You don’t have to be an auto mechanic yourself to have a basic understanding of what that kind of job description entails. On the most basic level, auto mechanics are problem solvers who work to identify and diagnose problems with cars and trucks, then they determine the proper solution and do the work to fix it. If you look a little deeper, however, you will find that a career as an auto mechanic is much more complex than that.
Overview of the Auto Mechanic Career
An auto mechanic is someone who repairs and maintains motor vehicles of all different kinds. Auto mechanics have the option to provide general repair services or they can specialize in a particular system. There are specialties in engine repair, for example, or you can specialize in transmissions, steering, or auto body repair. There are also some auto mechanics who specialize in a certain type of vehicle. For example, auto mechanics who work for car dealerships have a great deal of training and experience working with a particular brand of vehicle which may include several models. You can also complete a certificate program to specialize in broad categories of vehicles like four wheel drive vehicles or over the road trucks.
Job Description and Salary Ranges
According to the Bureau of Labor Statistics, the field of auto mechanics has changed significantly over the years – this is probably due to the fact that automotive technology has grown and advanced. Today, auto mechanics have to be just as skilled with computer systems as they are with mechanical skills. They need to be able to use computers to help diagnose problems and to analyze the performance of a vehicle. Auto mechanics also require a great deal of hands-on skill and dexterity in order to perform detailed and complex repairs. Additionally, an auto mechanic needs to understand how all of the different parts and systems of the vehicle work together so he can make the necessary repairs.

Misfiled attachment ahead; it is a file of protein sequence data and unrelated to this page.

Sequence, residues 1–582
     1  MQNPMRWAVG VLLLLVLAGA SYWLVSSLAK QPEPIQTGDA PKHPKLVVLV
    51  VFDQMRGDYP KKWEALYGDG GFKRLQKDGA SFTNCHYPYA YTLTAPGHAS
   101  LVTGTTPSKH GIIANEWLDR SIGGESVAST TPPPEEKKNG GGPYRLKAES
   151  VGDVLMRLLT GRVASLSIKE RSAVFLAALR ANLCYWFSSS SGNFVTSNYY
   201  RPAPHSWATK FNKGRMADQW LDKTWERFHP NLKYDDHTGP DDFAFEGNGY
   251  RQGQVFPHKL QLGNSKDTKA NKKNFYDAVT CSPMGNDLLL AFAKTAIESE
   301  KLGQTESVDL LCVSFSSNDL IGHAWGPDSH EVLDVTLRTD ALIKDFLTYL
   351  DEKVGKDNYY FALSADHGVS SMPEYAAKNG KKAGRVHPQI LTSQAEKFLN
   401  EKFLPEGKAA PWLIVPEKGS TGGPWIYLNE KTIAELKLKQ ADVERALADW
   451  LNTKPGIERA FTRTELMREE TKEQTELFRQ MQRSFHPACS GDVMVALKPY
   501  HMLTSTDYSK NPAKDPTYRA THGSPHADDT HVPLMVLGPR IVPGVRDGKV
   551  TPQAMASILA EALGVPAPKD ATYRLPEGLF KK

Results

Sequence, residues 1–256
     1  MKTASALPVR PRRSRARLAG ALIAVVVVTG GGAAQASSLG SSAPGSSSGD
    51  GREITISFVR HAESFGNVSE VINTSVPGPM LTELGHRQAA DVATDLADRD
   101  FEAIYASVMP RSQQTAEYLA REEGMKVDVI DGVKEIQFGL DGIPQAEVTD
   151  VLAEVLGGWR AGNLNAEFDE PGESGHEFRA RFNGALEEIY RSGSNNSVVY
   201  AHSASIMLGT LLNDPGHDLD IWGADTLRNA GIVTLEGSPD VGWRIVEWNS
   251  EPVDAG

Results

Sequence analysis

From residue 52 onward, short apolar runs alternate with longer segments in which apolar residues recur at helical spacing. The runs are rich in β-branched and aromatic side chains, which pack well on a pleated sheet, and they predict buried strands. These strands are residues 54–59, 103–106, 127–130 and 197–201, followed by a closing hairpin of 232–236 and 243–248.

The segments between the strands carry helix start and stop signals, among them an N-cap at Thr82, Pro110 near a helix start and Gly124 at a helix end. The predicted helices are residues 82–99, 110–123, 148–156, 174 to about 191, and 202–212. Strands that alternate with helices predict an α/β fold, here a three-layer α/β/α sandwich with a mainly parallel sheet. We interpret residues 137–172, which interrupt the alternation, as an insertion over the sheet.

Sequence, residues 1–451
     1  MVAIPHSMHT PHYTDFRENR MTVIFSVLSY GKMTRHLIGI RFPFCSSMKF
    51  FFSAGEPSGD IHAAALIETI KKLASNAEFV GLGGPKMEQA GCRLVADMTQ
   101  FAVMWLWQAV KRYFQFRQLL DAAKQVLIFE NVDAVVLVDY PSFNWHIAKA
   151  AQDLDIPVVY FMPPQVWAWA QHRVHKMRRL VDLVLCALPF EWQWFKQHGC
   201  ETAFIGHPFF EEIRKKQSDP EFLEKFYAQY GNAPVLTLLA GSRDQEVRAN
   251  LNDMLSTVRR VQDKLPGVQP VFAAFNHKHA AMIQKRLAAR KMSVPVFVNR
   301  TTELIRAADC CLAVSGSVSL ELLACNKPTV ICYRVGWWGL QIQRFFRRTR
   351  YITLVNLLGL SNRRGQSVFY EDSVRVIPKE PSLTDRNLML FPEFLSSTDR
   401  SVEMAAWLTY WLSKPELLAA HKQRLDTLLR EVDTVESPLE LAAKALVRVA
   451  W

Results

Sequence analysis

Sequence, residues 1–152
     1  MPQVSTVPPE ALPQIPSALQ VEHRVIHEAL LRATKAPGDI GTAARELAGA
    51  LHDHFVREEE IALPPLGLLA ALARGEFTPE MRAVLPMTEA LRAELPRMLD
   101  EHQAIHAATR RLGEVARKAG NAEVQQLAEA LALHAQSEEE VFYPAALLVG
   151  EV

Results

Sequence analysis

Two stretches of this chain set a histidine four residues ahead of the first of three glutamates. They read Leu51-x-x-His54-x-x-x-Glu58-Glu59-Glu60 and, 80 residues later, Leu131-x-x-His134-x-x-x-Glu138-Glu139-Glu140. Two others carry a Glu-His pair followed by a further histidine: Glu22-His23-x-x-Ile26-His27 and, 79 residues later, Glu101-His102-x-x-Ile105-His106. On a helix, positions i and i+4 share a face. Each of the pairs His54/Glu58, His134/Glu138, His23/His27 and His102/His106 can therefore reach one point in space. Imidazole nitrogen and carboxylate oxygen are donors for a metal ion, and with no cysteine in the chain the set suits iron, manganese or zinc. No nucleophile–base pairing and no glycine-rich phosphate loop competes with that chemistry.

For as complex as auto mechanic work can be, many mechanics are not paid particularly well. According to the Bureau of Labor Statistics, the median annual salary for auto mechanics in 2012 was about $37,000. Mechanics who work for car dealerships had a slightly larger salary range, closer to $44,000 per year. It is important to note that specialized auto mechanics typically make a little more – the top 10% of auto mechanics make up to $60,000 a year.
Preparing for a Career in Auto Mechanics
Now that you have a better understanding of what auto mechanics do, you can probably guess what kind of educational background this career path necessitates. A successful career in auto mechanics starts as early as high school – you should try to take as many math, science, electronics, computer, and shop classes as you can to prepare yourself for secondary education. After high school, find an auto mechanic training program that will give you a blend of classroom learning and hands-on experience. Some programs are as short as 7 months for a certificate but an associate’s degree with take you about 24 months. After you graduate you will probably find yourself in an entry-level job performing minor repairs – take every chance you get to do and learn more. You may also want to consider pursuing some continuing education options like a short-term certificate program or a National Institute for Automotive Service Excellence (ASE) certificate.
Becoming an auto mechanic is not something that you can accomplish on a whim – it takes a good deal of time, planning, and dedication. If you think that this career might be right for you, take the time to learn everything you can about a career in auto mechanics including the educational requirements and job description.